- Fizzy Thoughts: Recent reads

Recent reads

Sunday, November 04, 2007

I read two books this past week.

First up, The Vanishing Act of Esme Lennox, by Maggie O'Farrell. I will confess to buying this book because I had a coupon from B&N for like a gajillion percent off. As I started to read it, I was feeling conned by the whole coupon thing, because I wasn't too into the writing style, and I found the set-up of the book too confusing. The author jumps around in time and between characters, and I was having a hard time figuring out where I was, and who was who. But after I finished the book it grew on me. It deals with a fascinating, yet depressing topic - women who are committed to psychiatric hospitals for simply not conforming to society's expectations of proper behavior. So for the topic alone, I appreciate the book. I'm still not appreciating the writing style, though.

Next up was The Saffron Kitchen, by Yasmin Crowther, a book I'd walked by many times in Borders. The cover kept catching my eye, so once again I was suckered in by the cover art. This time, it was actually worth it. The book tells the story of Maryam Mazar, an Iranian immigrant with a troubled and mysterious past. As a young woman she was sent to London, where she eventually married a British man and had a daughter. Years later, her daughter Sara follows her mother home to Iran and begins to understand the influence her mother's culture and upbringing has had on both of their lives.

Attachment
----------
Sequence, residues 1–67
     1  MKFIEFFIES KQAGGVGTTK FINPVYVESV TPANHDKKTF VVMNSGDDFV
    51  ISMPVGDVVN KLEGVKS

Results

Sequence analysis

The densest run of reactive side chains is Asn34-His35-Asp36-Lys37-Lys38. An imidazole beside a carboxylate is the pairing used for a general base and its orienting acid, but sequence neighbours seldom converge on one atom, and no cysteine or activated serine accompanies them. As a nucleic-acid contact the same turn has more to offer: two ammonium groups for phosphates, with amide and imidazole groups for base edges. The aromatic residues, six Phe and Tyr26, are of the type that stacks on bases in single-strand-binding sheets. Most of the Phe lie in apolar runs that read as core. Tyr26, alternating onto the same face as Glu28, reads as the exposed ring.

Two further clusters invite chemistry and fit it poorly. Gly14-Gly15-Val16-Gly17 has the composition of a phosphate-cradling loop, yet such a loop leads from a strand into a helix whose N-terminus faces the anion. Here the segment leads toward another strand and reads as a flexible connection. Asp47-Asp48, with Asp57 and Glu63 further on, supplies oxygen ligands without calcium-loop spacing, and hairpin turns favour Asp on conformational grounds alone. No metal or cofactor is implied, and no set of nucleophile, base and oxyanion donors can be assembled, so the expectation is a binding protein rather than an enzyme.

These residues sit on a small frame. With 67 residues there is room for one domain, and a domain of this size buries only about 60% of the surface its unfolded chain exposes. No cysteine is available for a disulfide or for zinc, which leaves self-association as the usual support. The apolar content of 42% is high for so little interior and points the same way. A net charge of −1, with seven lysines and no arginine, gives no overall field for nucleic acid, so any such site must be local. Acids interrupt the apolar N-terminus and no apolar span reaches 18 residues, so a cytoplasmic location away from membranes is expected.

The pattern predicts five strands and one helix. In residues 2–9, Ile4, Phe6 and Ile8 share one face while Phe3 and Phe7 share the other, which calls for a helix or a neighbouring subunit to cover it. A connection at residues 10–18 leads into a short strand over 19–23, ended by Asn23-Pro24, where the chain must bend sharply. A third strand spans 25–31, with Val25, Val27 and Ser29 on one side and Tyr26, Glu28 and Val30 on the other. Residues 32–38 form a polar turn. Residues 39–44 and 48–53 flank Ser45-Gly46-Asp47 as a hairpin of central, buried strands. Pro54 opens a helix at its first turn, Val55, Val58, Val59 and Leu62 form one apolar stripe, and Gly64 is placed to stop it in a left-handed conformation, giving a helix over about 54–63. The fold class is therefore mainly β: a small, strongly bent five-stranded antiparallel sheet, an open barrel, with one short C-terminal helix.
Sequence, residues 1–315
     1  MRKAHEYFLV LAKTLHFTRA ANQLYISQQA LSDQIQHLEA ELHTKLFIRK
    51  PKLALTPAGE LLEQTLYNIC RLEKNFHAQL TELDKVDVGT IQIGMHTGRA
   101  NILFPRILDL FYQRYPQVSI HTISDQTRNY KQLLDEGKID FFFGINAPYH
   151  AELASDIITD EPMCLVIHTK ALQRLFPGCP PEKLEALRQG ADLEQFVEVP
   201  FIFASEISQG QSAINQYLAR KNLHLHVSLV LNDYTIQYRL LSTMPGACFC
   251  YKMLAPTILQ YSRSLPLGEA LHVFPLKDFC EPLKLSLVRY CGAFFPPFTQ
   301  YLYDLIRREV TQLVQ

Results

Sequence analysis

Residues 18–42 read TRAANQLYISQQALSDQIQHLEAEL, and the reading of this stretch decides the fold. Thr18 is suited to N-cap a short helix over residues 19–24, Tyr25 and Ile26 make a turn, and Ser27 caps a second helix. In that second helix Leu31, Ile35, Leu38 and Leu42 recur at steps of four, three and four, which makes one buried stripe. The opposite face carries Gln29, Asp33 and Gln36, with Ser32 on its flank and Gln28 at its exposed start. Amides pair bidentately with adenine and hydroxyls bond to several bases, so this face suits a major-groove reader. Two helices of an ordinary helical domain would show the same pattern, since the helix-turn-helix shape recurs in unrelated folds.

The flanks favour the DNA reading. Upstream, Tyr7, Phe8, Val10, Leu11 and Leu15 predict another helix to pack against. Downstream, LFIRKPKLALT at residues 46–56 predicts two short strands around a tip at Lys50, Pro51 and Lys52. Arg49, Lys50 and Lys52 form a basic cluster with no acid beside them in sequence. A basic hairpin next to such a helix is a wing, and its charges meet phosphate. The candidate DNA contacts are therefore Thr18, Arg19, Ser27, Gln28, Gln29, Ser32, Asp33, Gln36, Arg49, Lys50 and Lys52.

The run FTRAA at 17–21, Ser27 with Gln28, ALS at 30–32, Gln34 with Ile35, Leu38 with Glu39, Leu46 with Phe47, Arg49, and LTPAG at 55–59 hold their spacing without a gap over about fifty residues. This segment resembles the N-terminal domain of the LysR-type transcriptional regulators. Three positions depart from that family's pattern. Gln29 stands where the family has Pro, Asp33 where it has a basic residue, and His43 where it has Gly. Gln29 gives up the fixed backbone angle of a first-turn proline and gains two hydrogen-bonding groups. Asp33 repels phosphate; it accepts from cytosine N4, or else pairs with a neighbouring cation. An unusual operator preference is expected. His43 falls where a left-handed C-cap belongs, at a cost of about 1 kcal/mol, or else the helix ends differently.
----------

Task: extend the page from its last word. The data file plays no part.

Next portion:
While nothing alike, these two books both touch on how women are frequently victims of societal constraints and expectations. Out of the two books, I found The Saffron Kitchen to be the more readable of the two books. The author did a wonderful job of transporting me to both rainy England and the cold mountain villages of Iran. Her characters were real, while The Vanishing Act of Esme Lennox felt more like a quick drive-by of someone's life. Both books are fairly short, and quick reads...I'd recommend The Saffron Kitchen to anyone wanting a taste of Iranian history and mother/daughter/cultural conflict. I'd recommend Esme to anyone wanting a very, very, very brief look at stuffy Victorian morals and how they totally screwed up one person's life.

1 comment(s):

sognatrice said...

I'm a sucker for cover art too! Seem like pretty interesting books that maybe you just need to be in the right mood for. I've really not enjoyed books and then gone back and read them and loved them...maybe someday when your pile is low, you might try that first one again.

The second one sounds like exactly what I'm looking for now; thanks for the recommendation :)

In a real sense, people who have read good literature have lived more than people who cannot or will not read. It is not true that we have only one life to live; if we can read, we can live as many more lives and as many kinds of lives as we wish. ~S.I. Hayakawa

The World is a book, and those who do not travel read only a page.
~St. Augustine

Travel is fatal to prejudice, bigotry, and narrow-mindedness.
~Mark Twain

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